Okay so this is not entirely true. Multiple Sclerosis in and of itself cannot make you fat. But it does sound plausible doesn’t it? There are a lot of factors involved in gaining weight and I dare say that having this disease can contribute to those factors. This has been my personal experience anyway.
This is not the first time I have gained weight due to a diagnosis. When my son was diagnosed with autism some years ago, I reacted by gaining over thirty pounds. The thing was, I was not even conscious of it happening. I was so immersed in helping my son that I totally lost awareness of myself. Over the months and years of caretaking I did not place any priority upon my own health or personal well being. I felt I didn’t have time to eat healthy and relied more upon calorie laden convenience foods. I no longer shopped for clothes and when I did, I chose loose garments or pants with elastic waists. I cut my own hair with sometimes disastrous results. I no longer looked into the mirror. I simply didn’t care what I looked like or how I felt. I had one mission in life and that was to help my kids.
It was seeing a video tape of me doing play therapy with my son which finally got me to see how much I had let myself go. I was doing a method called “floortime” where you basically get on the floor and interact with your child to elicit communication and connection. My son’s therapist wanted to video our sessions so she could coach me. And there I was on camera with a great shot of my big fat butt. It pretty much dominated the entire television screen. It was then that the bells went off that perhaps I should get off my butt and do something to lose the weight.
And I did. In about a year’s time I lost all the weight though exercise and diet. I began to care more about myself physically and emotionally. I feel that part of the reason I gained the weight then was that I was suffering from depression but I could not admit this to myself. When I finally dealt with the underlying emotions of sadness and despair, then the real transformation took place. I felt proud of myself that I could change.
But you know how life is. You are still dealing with one thing and something else comes along to rock your world. As the late Rosanna Danna might say, “If it is not one thing it is another.” The other thing to happen to me was called Multiple Sclerosis.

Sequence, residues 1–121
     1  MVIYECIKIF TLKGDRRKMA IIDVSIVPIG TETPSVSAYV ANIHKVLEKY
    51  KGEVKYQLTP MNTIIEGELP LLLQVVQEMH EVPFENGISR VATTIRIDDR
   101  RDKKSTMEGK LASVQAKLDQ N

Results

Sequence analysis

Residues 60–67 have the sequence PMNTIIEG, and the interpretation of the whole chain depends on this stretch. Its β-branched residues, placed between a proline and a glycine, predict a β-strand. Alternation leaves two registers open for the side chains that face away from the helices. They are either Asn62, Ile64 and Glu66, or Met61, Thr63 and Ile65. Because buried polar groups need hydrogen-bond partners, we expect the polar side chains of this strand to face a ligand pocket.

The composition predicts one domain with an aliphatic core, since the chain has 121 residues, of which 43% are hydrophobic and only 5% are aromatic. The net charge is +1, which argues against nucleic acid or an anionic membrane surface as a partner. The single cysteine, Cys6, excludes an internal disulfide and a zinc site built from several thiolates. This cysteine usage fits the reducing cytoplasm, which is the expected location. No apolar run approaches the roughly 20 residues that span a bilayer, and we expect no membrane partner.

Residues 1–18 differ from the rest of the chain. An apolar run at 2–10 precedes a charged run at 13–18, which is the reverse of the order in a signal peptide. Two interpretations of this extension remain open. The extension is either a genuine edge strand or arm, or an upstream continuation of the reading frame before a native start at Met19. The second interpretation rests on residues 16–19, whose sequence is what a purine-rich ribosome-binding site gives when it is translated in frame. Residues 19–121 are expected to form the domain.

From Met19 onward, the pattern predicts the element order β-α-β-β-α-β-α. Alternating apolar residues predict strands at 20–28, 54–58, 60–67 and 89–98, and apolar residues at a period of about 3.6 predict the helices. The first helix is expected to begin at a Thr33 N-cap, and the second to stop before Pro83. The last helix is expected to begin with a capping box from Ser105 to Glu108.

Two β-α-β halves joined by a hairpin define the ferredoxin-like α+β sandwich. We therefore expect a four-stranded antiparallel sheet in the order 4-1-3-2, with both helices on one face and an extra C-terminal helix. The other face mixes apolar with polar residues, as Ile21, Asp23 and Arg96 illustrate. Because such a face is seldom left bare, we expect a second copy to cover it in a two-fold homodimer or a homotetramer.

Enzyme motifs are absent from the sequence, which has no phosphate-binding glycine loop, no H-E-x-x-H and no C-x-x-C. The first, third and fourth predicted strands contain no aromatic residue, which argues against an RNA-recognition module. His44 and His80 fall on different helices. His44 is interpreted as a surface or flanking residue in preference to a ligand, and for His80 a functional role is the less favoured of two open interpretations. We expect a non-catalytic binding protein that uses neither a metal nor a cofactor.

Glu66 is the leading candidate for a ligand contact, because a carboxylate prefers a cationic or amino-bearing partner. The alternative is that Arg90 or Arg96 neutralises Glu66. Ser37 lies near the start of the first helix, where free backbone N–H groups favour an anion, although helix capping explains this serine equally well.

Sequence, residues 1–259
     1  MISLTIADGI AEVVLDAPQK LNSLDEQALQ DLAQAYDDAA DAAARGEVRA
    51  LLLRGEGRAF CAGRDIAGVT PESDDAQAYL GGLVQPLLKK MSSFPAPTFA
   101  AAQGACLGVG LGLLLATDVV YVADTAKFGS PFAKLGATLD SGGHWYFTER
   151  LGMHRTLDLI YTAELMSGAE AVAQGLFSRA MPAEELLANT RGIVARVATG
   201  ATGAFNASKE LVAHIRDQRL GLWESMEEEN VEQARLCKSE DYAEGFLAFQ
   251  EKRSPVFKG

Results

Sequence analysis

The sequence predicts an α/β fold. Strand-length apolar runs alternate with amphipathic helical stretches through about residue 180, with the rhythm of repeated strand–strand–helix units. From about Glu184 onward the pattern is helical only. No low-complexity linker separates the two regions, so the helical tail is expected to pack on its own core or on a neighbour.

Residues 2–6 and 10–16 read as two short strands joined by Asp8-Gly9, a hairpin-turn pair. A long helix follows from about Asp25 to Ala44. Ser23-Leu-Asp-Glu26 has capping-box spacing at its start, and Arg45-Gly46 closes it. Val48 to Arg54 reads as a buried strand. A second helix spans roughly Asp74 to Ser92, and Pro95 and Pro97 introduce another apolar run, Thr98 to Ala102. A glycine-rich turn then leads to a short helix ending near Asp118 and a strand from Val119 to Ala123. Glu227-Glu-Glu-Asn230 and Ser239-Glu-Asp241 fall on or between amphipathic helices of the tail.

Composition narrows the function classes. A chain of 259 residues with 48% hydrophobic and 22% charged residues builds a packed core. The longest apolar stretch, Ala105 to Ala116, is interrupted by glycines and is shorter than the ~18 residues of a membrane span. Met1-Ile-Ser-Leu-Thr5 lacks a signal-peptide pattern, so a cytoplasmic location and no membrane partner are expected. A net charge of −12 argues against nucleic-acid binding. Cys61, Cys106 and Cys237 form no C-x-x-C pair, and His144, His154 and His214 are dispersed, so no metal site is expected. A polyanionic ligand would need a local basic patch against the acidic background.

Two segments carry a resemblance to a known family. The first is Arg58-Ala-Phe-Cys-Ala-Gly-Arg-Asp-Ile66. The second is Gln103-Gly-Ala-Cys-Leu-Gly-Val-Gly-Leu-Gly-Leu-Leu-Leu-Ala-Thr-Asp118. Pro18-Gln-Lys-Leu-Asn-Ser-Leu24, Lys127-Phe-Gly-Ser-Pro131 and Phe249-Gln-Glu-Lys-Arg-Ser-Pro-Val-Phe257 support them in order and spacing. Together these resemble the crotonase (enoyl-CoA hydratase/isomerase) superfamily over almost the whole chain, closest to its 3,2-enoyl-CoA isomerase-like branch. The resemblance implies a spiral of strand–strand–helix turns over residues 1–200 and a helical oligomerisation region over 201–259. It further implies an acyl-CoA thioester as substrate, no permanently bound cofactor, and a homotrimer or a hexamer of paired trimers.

I was diagnosed in the fall of 2007 and it didn’t take long before I was gaining weight. It seemed that in no time at all I was twenty pounds heavier. But this time I was more conscious of the process as it happened.
It wasn’t too soon after my diagnosis of MS when I had days that I could not exercise. Previously I was working out 5-6 days a week. But then muscle spasms, feeling off balance, and fatigue hit me. I was angry that my body seemed to betray me and especially after I had worked so hard to get healthy. One day as I was attempting to work out at home my right leg became stiff as a board and pain shot up through my calf muscle. I fell to the floor cursing and then crying. It was one of the first times I felt like I was truly in a battle with my MS. I would like to say I won that round but I didn’t. ��
I became more timid about things I have always taken for granted. I like to roller skate, for example. But with feeling off balance at times, this seemed like a risky pleasure. On most days I was fine to do everything I normally had done but on other days it was like I was a toddler just learning to walk again. On any given day I had to re-learn my physical capabilities and stamina. I could take nothing for granted.
It is easy to feel like giving up when you have this disease. There are some days where I think to myself, “Why bother?” or even “I now have the perfect excuse for letting myself go.” But these statements do not hold up well to scrutiny. It is all the more imperative that I do care and do try. I know I will be better able to deal with my MS if I am strong and in good physical health. Perhaps even more importantly, I don’t want to suffer the mental anguish of giving up all that I have worked for if I don’t have to.
This time I was conscious that I was becoming depressed. This time I understood when I ate things just to find some emotional comfort. And this time I stopped myself before sinking too far into a pit of apathy and despair. I recognized the road I was on and decided to take a different route.
I have to tell you that this time around is a lot harder than the first time I lost weight. I am not always able to do all the things I want to do. I have had to adapt to my situation by doing different things like stretching instead of vigorous exercise or resting a whole lot more between sessions. I have learned to pay more attention to my body and to heed any warning signs of impending trouble.
So far I have lost ten of the twenty pounds I had originally gained. I am taking my time. It has been a slow process but I am getting there. What is more important to me than losing weight is to become stronger and to have more energy.
I was just reading about a study reported in Science Daily that: “After 35 years, they found that the people with MS had a decreased overall risk of cancer by 10 percent compared to people who did not have the disease.” One of the reasons given for this is that people who have MS quite often go through a lifestyle change after their diagnosis. I can understand this. My Multiple Sclerosis has made me wish to give up at times but it has also given me a reason to try harder. I can no longer take my health for granted. Exercise and eating healthy have become priorities in my life. It is no longer just about losing weight. Now I am trying to up my odds for living a longer and healthier life.
So how about you? Has MS caused you to gain weight or to forego healthy habits? Or has having this disease caused you to become more health conscious. Tell us your story We want to hear what you have to say.